"On the eve of Tisha B'Av the serious question is raised whether we should take the opportunity and ascend to the Temple Mount as it stands empty, inviting us to build our dream house on it."

Whoever read this caption which appeared on the cover of the Maayanei Hayeshua movement’s latest pamphlet might have thought that this was a symbolic expression of the expected redemption on the eve of Tisha B’Av.

However, those with a keen eye noticed that the huge picture of the Temple Mount which was spread on the cover page was missing the Dome of the Rock, and that the pamphlet “cleaned” the mount of all Muslim signs


The chairman of the Maayanei Hayeshua movement told Ynet in response that “Jews throughout the world hope for a day in which the al-Aqsa Mosque will actually be obliterated from the Temple Mount and not just by means of Photoshop software.

“We have been waiting for this day for too long. When it happens, Jews from the entire world will come to Jerusalem in order to build the beloved Temple, and no Muslim will dare open his mouth against it. I hope that Israel is indeed ready for this day.”
This is not helpful. The political issues are obvious. I've commented on the archaeological issues here.
THE HADRIAN EXHIBITION is reviewed by Elizabeth Speller in the New Statesman. Excerpt:
Not everyone requires an official narrative, of course. Reviewers sometimes have the opportunity to see an exhibition outside opening hours, and for sensuous pleasure such intimate viewing is an unmatched experience. An exhibition, however, is primarily not a spectacle, but a conduit of information, and watching visitors respond to the displays is informative in itself. The densest bottleneck is around finds from a cave in Israel where Jewish rebels and their families attempted (unsuccessfully) to evade the Roman soldiers. The exhibits are beautifully preserved and mostly very simple: footwear, a straw basket, house keys, letters and a mirror. Almost all are objects familiar from our own lives and resonate with images we know from the aftermath of violent conflict today - and they prove that it is not just precious metal, marble and superb craftsmanship which draw the crowds or re-create the past.

Why Hadrian? He was intelligent, restless and controlling, his political skills consolidated the empire, his aesthetic agenda transformed the city of Rome, and his suppression of Judaea was to store up problems for posterity, but Hadrian was not so much an exceptional emperor as a very good exemplar, not least because such a breadth of material survives him. But ultimately, in common with the major exhibition that preceded it, "The First Emperor: China's Terracotta Army", and almost certainly "Babylon", planned for November, this is an exploration of power. Specifically, of absolute power, and how it can marshal unimaginable resources to shape a world.
Background here.

Thursday, August 14, 2008

DEAD BODIES are apparently less interesting than the Dead Sea Scrolls.

Well, I would hope so.

Wednesday, August 13, 2008

Three 9,000-Year-Old Skulls Found in Galilee

by Tzvi Ben Gedalyahu

( Archaeologists have discovered three 9,000-year-old skulls at the Yiftah'el dig in the Lower Galilee, the Israel Antiquities Authority announced Wednesday. Experts said the placement of the skulls confirms the worship of ancestors from during that time, practiced by displaying skulls inside houses.


"The skulls were found plastered – that is to say sculpted – which is a phenomenon that is identified with the New Stone Age," said site director Dr. Hamoudi Khalaily. "The practice included the reconstruction of all of the facial features of the deceased by means of sculpting the skull with a variety of materials such as plaster that was specifically intended for this. On the skulls that were found in the excavation the nose was entirely reconstructed."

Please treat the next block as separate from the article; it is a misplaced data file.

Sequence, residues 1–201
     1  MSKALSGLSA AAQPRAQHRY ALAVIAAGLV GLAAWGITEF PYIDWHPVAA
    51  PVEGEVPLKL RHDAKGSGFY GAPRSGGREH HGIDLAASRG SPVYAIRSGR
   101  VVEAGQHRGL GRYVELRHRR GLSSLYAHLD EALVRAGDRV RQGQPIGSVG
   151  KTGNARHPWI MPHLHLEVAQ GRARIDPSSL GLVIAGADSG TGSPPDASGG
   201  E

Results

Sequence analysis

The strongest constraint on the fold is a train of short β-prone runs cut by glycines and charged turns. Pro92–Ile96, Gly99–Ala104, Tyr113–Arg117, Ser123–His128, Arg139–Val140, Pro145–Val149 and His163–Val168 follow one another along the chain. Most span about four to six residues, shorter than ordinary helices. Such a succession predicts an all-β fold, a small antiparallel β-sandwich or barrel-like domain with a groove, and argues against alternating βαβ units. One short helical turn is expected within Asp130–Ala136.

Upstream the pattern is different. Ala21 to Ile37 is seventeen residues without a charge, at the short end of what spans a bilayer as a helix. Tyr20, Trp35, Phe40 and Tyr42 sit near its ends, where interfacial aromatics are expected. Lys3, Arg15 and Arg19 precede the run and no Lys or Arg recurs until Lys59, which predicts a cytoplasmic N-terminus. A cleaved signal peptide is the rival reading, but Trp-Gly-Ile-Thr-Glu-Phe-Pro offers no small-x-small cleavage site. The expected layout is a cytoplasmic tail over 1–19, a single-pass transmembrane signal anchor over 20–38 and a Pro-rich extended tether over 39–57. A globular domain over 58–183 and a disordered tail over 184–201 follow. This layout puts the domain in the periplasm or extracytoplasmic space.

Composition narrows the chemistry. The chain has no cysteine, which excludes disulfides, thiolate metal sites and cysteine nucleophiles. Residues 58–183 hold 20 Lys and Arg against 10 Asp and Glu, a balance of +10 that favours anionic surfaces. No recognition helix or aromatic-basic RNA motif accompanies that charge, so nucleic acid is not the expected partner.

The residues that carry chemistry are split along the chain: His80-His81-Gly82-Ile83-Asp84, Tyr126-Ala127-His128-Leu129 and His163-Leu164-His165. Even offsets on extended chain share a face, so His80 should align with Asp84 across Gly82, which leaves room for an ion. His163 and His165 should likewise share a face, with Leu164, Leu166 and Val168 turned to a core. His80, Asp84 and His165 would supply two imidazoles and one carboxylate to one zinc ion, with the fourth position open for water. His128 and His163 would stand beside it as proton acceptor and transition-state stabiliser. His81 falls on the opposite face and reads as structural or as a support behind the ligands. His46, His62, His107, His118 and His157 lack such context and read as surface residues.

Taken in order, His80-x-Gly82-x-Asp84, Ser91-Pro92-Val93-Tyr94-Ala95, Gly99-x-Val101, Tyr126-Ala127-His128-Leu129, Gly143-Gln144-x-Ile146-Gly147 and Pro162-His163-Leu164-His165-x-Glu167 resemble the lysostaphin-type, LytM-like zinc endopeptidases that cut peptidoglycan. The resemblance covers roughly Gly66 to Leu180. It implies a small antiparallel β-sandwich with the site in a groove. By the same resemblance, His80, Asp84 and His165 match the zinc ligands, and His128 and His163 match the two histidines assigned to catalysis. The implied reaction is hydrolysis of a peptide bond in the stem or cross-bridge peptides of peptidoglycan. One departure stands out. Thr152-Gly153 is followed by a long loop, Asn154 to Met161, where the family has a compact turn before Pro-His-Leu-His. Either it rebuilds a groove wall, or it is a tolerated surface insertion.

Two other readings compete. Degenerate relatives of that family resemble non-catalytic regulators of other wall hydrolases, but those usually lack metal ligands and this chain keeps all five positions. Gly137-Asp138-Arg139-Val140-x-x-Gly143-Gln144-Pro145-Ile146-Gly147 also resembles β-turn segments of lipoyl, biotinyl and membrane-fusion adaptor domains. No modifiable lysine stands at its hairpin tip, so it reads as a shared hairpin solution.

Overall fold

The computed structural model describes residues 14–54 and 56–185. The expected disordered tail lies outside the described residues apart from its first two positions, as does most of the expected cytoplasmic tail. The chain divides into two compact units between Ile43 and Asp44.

And Arutz Sheva has this aside, which perhaps has some potential for the next Indiana Jones movie:
Some Torah authorities explain that findings which are dated before the Jewish date of creation are remnants from worlds which G-d created and destroyed before this world.
Seriously, this is a very interesting find from a period from which very little evidence survives.
ASSYRIANS Mark Genocide Awareness Day.
THE BOOK by Yona Sabar's son Ariel is reviewed by the Jewish Week. Excerpt:
The remarkable arc of Sabar’s life is at the center of his son Ariel Sabar’s outstanding book, “My Father’s Paradise: A Son’s Search for His Jewish Past in Kurdish Iraq”(Algonquin). In telling his father’s story intertwined with the family’s tales, journalist Sabar reconstructs the little-known history of the Kurdish Jews, who lived in harmony with their non-Jewish neighbors. In Zakho, Muslims would bring tea to their Jewish neighbors on Shabbat, when the Jews weren’t able to cook. Jewish men wore the same baggy trousers and embroidered shirts as Muslims, “even if a few strands of tzitzit poked out from beneath their shirts.”
“My father had staked his life on the notion that the past mattered more than anything,” the younger Sabar writes, adding, “He sublimated homesickness into a career.”
“My Father’s Paradise” is also a deeply personal story of a distant father and son who were ultimately reconciled. Growing up in Los Angeles in the 1980s, Ariel Sabar found his father embarrassing, regarding him as the uncoolest person he knew, with his unstylish clothing and beat-up car, and his passion for ancient languages rather than popular culture.
But, after moving across the country to attend college, falling in love with and marrying a non-Jewish woman and working hard in his first reporting jobs, Sabar was drawn to write about his father after the scholar was called to consult on the television series “The X-Files,” about the language Jesus might have used. For the first time, Sabar asked his father, as he might have questioned any source, about his life in Zakho. His story in the Providence Journal, “Scholar Dad Goes Showbiz: ‘I Am the Walrus’ in Aramaic” brought him a greater response than all of his previous articles combined. He then thought that he had said everything he had to say about his father.
But there was more. The truth is out there.

(Sorry, couldn't resist.)
THE FORT WALLA WALLA MUSEUM in Washington has made what sounds like a strong staff appointment:
Christina Daltoso has joined Fort Walla Walla Museum in the newly created position of executive assistant.

Daltoso is a 2004 Whitman College graduate who majored in history with a focus on the ancient world. She recently completed work at Walla Walla University, where she studied biblical/ancient languages, including classic Arabic, biblical Hebrew and Sumerian.